Figure 4. Diagram of the two large deletions identified in CDS-D and CDS-E families. A, Diagram of the 1058 bp deletion found in D-II-1, E-II-2 and E-II-1 patients. Normal sequences at the 5' and 3' breakpoints of the deletion are aligned with the deleted sequence. The 6 bp micro-homology at the breakpoints is highlighted in grey. Part of the Alu sequence at the 3'-breakpoint is underlined. The structure of the abnormal allele in the region of the deletion is shown at the bottom of the diagram. B, Diagram of the 1487 bp deletion identified in E-II-2 and E-II-1 patients. The breakpoints, reported on the model, are inside intron 4 and inside a GT repeat (black area) in intron 5. The site of the 18 bp insertion is also reported. It is in very close proximity of the breakpoint.
The splicing errors identified in our CDS families all represent novel mutations. They are homozygous G to A transitions which occurred in the splice consensus motifs of introns 1 and 6. In patient A-II-1 from Molise, the c.47+1G>A mutation eliminates approximately 96% of the ABHD5 protein. The consequence of this mutation may lead to the complete absence of the mutated protein, through protein instability. The E-II-2 and E-II-3 patients of Palestinian origin presented with the c.960+5G>A mutation. This mutation is expected to give rise to a truncated protein lacking 28 amino acids at the C-terminal region of ABHD5 (consisting of 320 out of 349 amino acids).
In the Egyptian patient (B-II-1), the R234X homozygous mutation conserves 67% of the ABHD5 wild-type protein. This patient was a one-year-old boy with generalized ichthyosis, bilateral ectropion, hepatosplenomegaly (noted at the age of 9 months), myopathy and an umbilical hernia. The same mutation had been previously identified in a 42-year-old man from France, who was heterozygous for R284X and H82R . Despite delayed confirmation of the diagnosis, this patient presented with typical symptoms of CDS, including NCIE, muscle weakness, bilateral sub-capsular cataracts and neurosensory hearing loss. He did not have liver dysfunction or CNS abnormalities. Some important clinical differences emerged between the Egyptian and French patients, concerning, in particular, the hepatic involvement. These differences might be due to homozygous versus heterozygous conditions or by modifier genes and epigenetic factors which might be involved in these variations.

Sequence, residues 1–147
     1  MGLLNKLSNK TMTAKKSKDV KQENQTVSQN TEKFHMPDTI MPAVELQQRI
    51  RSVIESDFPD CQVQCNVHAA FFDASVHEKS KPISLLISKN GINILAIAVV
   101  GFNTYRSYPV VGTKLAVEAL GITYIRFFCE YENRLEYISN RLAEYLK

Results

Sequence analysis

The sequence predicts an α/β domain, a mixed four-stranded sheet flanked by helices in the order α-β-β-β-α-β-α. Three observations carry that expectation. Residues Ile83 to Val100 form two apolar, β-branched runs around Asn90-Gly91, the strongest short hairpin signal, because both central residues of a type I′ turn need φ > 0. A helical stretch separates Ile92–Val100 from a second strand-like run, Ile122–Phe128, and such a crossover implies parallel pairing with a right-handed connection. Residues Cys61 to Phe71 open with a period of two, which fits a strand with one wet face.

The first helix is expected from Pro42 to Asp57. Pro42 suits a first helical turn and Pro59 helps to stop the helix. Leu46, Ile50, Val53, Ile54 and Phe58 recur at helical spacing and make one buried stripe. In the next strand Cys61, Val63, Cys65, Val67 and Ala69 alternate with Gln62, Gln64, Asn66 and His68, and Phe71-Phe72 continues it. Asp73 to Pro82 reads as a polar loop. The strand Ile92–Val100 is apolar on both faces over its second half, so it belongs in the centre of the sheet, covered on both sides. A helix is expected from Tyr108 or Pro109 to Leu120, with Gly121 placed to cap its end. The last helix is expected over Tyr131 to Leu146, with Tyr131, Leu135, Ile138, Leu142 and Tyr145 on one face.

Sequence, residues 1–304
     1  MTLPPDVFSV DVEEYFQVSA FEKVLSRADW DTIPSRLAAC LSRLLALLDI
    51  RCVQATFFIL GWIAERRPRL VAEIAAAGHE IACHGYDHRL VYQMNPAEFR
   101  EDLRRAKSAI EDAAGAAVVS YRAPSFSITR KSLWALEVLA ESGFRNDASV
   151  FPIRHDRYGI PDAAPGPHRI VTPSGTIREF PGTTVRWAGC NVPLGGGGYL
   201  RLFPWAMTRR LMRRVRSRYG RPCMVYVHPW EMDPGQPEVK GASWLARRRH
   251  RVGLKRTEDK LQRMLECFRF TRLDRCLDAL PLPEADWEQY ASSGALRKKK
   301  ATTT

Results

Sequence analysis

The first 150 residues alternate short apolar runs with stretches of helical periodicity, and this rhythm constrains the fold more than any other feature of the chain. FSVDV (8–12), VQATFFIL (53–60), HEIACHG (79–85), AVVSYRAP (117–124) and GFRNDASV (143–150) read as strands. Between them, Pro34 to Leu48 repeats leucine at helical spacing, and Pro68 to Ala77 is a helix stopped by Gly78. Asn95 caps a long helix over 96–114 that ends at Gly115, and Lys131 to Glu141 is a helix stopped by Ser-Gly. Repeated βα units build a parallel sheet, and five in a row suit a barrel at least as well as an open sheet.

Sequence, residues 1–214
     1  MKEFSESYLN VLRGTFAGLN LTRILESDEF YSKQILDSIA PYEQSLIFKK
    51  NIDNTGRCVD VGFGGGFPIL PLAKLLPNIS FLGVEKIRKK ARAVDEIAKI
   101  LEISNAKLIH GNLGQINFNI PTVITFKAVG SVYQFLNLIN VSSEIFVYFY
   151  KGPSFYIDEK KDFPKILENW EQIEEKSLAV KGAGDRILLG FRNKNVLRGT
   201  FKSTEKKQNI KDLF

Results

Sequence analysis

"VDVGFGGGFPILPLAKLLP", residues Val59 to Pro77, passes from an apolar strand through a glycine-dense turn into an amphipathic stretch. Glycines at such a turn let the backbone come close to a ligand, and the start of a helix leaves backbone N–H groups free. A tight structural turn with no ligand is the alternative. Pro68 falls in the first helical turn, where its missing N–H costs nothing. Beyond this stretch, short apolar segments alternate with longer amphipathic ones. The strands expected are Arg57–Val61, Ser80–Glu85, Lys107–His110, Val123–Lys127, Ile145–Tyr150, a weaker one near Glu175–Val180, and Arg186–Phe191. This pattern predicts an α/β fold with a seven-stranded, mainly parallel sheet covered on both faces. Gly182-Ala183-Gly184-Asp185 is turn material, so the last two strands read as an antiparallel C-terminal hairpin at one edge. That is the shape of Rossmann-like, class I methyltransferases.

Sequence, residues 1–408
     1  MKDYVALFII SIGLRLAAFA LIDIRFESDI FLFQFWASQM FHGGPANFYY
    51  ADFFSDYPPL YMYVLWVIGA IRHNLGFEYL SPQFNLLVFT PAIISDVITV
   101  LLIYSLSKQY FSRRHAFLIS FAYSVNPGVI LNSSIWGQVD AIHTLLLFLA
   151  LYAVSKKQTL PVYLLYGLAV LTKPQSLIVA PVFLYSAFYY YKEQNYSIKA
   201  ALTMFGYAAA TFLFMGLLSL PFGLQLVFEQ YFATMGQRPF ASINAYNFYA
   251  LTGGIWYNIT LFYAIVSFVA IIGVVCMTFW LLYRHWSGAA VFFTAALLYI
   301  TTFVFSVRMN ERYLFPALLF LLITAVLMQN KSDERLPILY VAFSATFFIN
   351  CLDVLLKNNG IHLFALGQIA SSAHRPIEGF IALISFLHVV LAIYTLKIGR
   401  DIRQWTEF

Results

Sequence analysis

All the mutations described in this work are predicted to result in truncated proteins that lack different ABHD5 regions (Additional file 6 Figure S5). In spite of our efforts, it remains very difficult to find a correlation between the phenotypic and genotypic characteristics, since most of ABHD5 mutations are novel and unique. Surprisingly, we noticed that the c.960+5G→A mutation, which conserves 92% of the native protein, was associated with patients severely affected by neurological symptoms, hearing loss and myopathy (C-II-2, C-II3), whereas the c.47+1G>A mutation that caused a dramatic truncation of the ABHD5 protein (p.S17X), was associated with severe steatohepatitis but a relatively mild phenotype concerning the other clinical CDS features (patient: A-II-1). It is possible that the accumulation of non-functional ABHD5 proteins has a more deleterious consequence for cellular LD metabolism in some tissues than total loss of the protein expression. However, any explanation of this phenomenon remains highly speculative, since the precise roles of the ABHD5 domains remain largely unknown. Nevertheless, we can postulate that the consequence of the c.47+1G>A mutation (p.S17X) would be similar to classical loss of function or a knockout mutation, as the residual peptide contains only 17 of the 349 amino acids of the wild-type protein.
Additional file 6. Supplementary Figure 5. Domain organization of wild-type and mutant ABHD5 variants. The ABHD5 theoretical variants resulting from the six mutations identified in this study are truncated proteins lacking different portions of wild-type ABHD5. Five of the six mutant variants retained the hydrophobic motif, located between residues 69 and 87 (dark-grey area), that represents the putative lipid-binding domain. However, all six mutant proteins lacked the HX4D motif between amino acids 327 and 332, specific for proteins with acyltransferase activity. Q130 and E260, reported in the models, have previously been identified as essential residues for ABHD5-perilipin interaction and for ATGL activation.